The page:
Afghan war rugs show the impact of a long and bitter conflict

Genevieve Jacobs 9 August 2021
Rug with map

A war rug with a map of Afghanistan’s provinces. Photo: Genevieve Jacobs.

Nigel Lendon’s first visual memory is as clear today as the moment it happened, decades ago in Adelaide.

“I was four years old, and an elegantly dressed Afghan man came to the door with carpets under his arm. My mother was completely seduced by the beauty of the rugs,” he says.

Lendon still has the rug that began a lifetime of collecting. And a passion began that led to the current Drill Hall exhibition at the ANU, I weave what I have seen: the War Rugs of Afghanistan.

Afghan war rugs are traditionally woven but incorporate design elements from the war-torn nation’s recent history. Tanks, helicopters and Kalashnikovs, Soviet invaders, the US and Taliban forces and events including the 9/11 attacks appear on the rugs.

From the start of armed conflict in Afghanistan during the late 1970s, weavers began including the images in traditional designs or more graphic representations. Designs were drawn from many sources, including political posters and major conflict figures.

Lendon saw his first war rug decades ago. It belonged to longtime friend Olive Bishop, who’d found it in a rug shop when the pieces were just beginning to emerge as export items (the rug is in the exhibition and Lendon believes it’s the first of its kind in Australia).

The exhibition is the culmination of a longstanding research project between Lendon and art historian Tom Bonyhady, who is also publishing Two Afternoons in the Kabul Stadium: A History of Afghanistan Through Clothes, Carpets and the Camera this week.

Tracing the 20th-century history of Afghanistan, the book describes the deep origins of today’s conflict, reaching back to the modernising King Amanullah in the 1920s.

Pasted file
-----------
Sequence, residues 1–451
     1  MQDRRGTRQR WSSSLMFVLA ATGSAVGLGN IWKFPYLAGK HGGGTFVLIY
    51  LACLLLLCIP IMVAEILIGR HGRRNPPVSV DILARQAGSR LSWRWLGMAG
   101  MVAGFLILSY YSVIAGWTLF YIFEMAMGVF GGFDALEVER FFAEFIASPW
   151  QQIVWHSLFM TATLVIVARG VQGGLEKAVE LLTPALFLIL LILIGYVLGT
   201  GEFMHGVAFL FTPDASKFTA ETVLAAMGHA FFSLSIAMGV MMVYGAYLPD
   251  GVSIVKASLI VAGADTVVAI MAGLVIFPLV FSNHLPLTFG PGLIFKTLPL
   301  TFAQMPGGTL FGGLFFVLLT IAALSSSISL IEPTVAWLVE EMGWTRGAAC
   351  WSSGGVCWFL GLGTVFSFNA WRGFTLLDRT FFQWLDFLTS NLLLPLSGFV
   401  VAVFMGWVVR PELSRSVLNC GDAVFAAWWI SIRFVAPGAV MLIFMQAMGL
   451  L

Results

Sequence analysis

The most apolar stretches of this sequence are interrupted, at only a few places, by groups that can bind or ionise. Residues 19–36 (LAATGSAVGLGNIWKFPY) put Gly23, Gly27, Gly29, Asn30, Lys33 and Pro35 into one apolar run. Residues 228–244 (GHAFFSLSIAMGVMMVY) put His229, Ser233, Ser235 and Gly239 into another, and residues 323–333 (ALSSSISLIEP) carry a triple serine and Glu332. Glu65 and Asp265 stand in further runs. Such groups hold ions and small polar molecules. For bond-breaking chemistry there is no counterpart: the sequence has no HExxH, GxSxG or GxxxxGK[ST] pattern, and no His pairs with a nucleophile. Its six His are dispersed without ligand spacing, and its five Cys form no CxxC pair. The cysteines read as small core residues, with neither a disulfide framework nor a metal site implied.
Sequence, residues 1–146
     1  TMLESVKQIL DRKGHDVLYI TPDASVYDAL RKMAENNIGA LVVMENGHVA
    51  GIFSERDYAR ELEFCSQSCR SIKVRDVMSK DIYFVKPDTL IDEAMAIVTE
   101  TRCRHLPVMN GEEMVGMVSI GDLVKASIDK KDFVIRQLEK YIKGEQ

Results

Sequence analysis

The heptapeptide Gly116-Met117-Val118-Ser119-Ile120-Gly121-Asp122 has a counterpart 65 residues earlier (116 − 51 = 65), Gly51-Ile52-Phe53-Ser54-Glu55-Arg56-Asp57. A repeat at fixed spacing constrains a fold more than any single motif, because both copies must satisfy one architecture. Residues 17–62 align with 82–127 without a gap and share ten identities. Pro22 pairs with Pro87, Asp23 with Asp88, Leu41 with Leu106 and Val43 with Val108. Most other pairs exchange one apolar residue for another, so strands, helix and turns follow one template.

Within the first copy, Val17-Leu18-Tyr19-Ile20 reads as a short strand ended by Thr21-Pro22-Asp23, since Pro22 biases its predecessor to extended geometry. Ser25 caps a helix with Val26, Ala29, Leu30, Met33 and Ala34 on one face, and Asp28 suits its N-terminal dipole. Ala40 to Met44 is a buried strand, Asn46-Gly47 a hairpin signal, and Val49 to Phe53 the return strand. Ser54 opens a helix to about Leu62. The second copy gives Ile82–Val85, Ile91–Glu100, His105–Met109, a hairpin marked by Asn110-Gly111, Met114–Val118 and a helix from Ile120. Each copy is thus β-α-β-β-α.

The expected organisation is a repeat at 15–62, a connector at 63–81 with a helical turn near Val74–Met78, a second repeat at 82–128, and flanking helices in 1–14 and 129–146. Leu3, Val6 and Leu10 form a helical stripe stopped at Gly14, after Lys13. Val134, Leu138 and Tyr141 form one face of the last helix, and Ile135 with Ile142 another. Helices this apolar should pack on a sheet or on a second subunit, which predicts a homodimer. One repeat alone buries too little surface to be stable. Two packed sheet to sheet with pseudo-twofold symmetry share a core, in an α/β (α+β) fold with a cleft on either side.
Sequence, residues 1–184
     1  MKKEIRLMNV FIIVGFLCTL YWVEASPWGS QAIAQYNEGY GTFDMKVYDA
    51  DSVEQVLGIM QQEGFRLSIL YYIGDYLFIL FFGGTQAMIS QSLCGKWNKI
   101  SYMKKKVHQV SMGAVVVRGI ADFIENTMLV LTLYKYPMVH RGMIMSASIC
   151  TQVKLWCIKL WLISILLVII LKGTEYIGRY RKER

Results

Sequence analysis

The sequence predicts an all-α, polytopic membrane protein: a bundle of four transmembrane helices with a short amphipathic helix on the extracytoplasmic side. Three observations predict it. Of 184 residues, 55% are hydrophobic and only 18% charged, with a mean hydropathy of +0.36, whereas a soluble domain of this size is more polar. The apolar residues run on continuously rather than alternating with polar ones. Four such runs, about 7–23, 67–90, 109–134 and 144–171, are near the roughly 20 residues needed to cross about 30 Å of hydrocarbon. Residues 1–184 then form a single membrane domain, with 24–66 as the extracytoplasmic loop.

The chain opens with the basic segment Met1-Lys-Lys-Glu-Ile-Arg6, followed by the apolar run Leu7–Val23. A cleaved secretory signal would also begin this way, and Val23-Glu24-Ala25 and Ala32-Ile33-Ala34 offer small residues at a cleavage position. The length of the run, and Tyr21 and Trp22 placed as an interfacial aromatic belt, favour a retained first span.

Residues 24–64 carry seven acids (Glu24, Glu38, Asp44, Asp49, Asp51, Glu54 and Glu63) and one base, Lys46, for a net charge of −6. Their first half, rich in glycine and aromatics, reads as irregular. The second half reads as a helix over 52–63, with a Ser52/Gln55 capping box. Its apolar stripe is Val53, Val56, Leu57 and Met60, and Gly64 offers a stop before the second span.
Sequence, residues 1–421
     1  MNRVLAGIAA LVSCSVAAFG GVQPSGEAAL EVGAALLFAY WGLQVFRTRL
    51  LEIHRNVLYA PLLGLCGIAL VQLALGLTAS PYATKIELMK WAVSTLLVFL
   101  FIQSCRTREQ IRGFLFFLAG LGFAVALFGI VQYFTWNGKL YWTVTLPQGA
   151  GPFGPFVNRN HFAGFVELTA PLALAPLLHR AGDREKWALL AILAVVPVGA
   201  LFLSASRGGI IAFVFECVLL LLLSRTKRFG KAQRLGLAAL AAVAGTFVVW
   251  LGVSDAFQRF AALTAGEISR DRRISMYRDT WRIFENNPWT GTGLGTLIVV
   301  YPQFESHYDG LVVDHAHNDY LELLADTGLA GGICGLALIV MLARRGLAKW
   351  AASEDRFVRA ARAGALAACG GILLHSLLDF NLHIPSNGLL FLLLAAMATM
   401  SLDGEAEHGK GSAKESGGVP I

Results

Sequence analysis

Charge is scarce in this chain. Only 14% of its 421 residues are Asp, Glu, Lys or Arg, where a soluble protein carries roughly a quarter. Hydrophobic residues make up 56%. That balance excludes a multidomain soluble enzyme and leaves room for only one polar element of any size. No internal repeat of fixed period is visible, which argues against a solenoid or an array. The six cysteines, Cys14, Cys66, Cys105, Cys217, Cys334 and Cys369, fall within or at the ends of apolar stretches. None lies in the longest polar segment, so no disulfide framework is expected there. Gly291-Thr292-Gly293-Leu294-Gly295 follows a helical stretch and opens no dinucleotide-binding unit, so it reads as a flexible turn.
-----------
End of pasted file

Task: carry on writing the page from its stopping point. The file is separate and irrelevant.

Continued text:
Wall rug

A pictorial rug depicts tanks entering Kabul. Photo: Genevieve Jacobs.

“I’m interested always in the transition between tradition and modernity, the historical moment when that happens,” says Lendon (an earlier, smaller, war rug exhibition was curated by the pair in 2003).

“When we started seeing and recognising these pieces transforming from traditional carpets and began exploring where they came from, we also understood that nobody had done the homework on them.”

Lendon and Bonyhady began looking for war rugs well before the internet made the process easier. Forming networks with private collectors overseas, they received an ARC grant to research the international collection. It became a consuming passion for both.

Lendon explains that rugs are traditionally made by women and children and family groups. The war elements began appearing when the Soviet forces invaded, although it’s an open question whether they are deliberately incorporated as an economic enterprise, or more to do with people wanting to communicate their experiences to the outside world.

He points to anthropological research with refugee rugmakers in Iran and Pakistan who say that the intention was clearly to document tumultuous events.

“It seemed fascinating to us that no institution had recognised that this was an art history evolution, not just tourist art,” Lendon says. “These anonymous producers were making rugs for us to see and understand what was going on in their lives.”

The exhibition ranges from tightly woven village rugs where tanks and helicopters are almost abstract elements to visceral representations of conflict.

Maps of Afghanistan, images of King Amanullah and the assassinated Ahmad Shah Massoud and even Uncle Sam appear, although the rugs makers themselves are anonymous. But among the interviews for the project, Lendon and Bonyhady spoke to a familiar voice, that of Oriental Bazaar owner Sabur Fahiz from Fyshwick.

“These remarkable pieces of art are beautiful to gaze upon even though they record the terrible war that continues to this day. This exhibition and catalogue allows us to acknowledge the men, and especially the women, who made these works of art,” he says.

I weave what I have seen: The War Rugs of Afghanistan is at the ANU Drill Hall Gallery until 15 August.


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